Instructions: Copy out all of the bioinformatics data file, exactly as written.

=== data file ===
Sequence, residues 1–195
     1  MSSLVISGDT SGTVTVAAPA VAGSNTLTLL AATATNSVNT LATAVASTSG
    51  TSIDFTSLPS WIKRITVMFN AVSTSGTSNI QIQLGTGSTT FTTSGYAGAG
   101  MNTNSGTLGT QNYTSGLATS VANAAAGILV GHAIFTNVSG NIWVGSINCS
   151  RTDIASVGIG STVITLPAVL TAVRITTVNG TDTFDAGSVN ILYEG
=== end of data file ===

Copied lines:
Sequence, residues 1–195
     1  MSSLVISGDT SGTVTVAAPA VAGSNTLTLL AATATNSVNT LATAVASTSG
    51  TSIDFTSLPS WIKRITVMFN AVSTSGTSNI QIQLGTGSTT FTTSGYAGAG
   101  MNTNSGTLGT QNYTSGLATS VANAAAGILV GHAIFTNVSG NIWVGSINCS
   151  RTDIASVGIG STVITLPAVL TAVRITTVNG TDTFDAGSVN ILYEG